Latina Equal Pay Day marks the day that an average full-time Latina worker “catches up” to the wages made by white men and women the year before. Every year, awareness about Latina Equal Pay Day grows immensely, and the actual day that is observed changes depending on the pay rate for the demographics involved. But 2022 is by far the worst year on record.
This year, the day falls on December 8, which means that an average Latina full-time employee had to work nearly twenty-three months to earn the yearly salary of her white male counterpart.
But we can’t tell the full story behind this number without pulling apart the data. For example, we know that this statistic does not include Latinas working part-time or as gig workers, and that it’s missing data from many undocumented Latinas. We also know that the pay gap is often worse for Afro-Latinas, women who identify as Indigenous Latinas, and women who identify as multiracial—intersectional identities that are not explicitly included in most analyses on the Latina pay gap.
Because of all that missing data, I can confidently say that the pay gap is actually wider than it’s reported to be. Fortunately, there are several ways that corporate America can take action on this issue.
1. Audit Your Own Actions
As a C-suite executive, you can work with the appropriate teams to conduct a salary audit that analyzes compensation packages by gender and race. Ensure there are details regarding each employee’s salary history and how their full packages were negotiated. Keep in mind that some employees negotiate for benefits that may not be centered solely on financial compensation but that are still valuable to them. You should also be sure to be transparent about how your organization determines salary ranges so that auditors do not have to guess what factors are driving the compensation for each role in the company.
This salary audit process requires open and honest communication among hiring managers, HR, and the CEO, but it can help identify concerning pay gaps and determine whether any training is needed to reduce gender bias in the decision-making process.
2. Establish a Steering Committee
The gender pay gap has been a national issue for decades and is only getting worse. This problem therefore requires a long-term commitment from business leaders, ideally in the form of a steering committee whose purpose is to address the issue and make a practice of executing solutions.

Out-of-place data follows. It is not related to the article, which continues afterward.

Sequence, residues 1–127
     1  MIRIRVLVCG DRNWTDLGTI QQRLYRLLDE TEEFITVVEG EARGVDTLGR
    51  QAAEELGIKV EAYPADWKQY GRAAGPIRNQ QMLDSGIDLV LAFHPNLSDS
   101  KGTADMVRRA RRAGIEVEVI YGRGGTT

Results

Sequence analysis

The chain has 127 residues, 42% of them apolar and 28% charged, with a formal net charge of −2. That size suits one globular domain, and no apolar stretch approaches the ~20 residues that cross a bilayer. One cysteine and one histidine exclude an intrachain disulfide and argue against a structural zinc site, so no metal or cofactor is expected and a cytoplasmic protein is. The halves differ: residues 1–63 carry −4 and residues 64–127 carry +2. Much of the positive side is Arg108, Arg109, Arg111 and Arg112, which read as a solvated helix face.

The people on the steering committee should reflect a tapestry of individuals with diverse personal and professional experiences: this will allow the community to address nuanced, intersectional issues. This committee will also help attract and retain junior and middle management talent that reflects the diversity in our communities.
One key output from the steering committee could be teaching young leaders how to navigate salary negotiations and promotion discussions.
3. Be Loud and Proud
Be loud about allyship internally and broadcast your commitment to closing the pay gap for women in general and Latinas in particular. Encourage Latinas to negotiate and applaud them when they do.
Also, make sure the women in your organization have equal access to the people and opportunities that accelerate careers. And when you post about open roles, make sure to include the salary ranges—this is vital for healthy conversations about salary transparency.
4. Call Your Senator
Lastly, support national policies that promote pay equity. On April 15, 2021, the House of Representatives voted 217-210 to pass the Paycheck Fairness Act with bipartisan support. However, on June 8, 2021, it failed on a party-line procedural vote in the Senate. Reach out to your senator to support this bill and encourage your community to do the same.
At the end of the day, the most important thing is to just take some form of action. The work starts internally, with business leaders making a long-term commitment and ensuring their company is part of the solution. And little by little, we’ll start to see results—badly needed results. Because in the long run, when women—and especially Latinas—live in a world where equal pay exists, the main beneficiaries will be the communities we all live in.
The views expressed in this article are those of the author and do not necessarily reflect the position of Hispanic Executive or Guerrero Media.
Born and raised in Chicago, Argelia Martinez is dedicated to creating positive spaces for Latine culture to thrive. By day, she is managing director at Hauswirth/Co, a strategic marketing firm. Argelia founded Vida Mia Cocktails to elevate Mexican American culture through beverage-pairing experiences that center the agave plant and the people that plant it. She co-led and grew the Latinista Chicago community for four years. She is the proud daughter of immigrants, Gregoria and Jaime Martinez, the oldest sister to Arlette and Perla, and dog mom to Canela.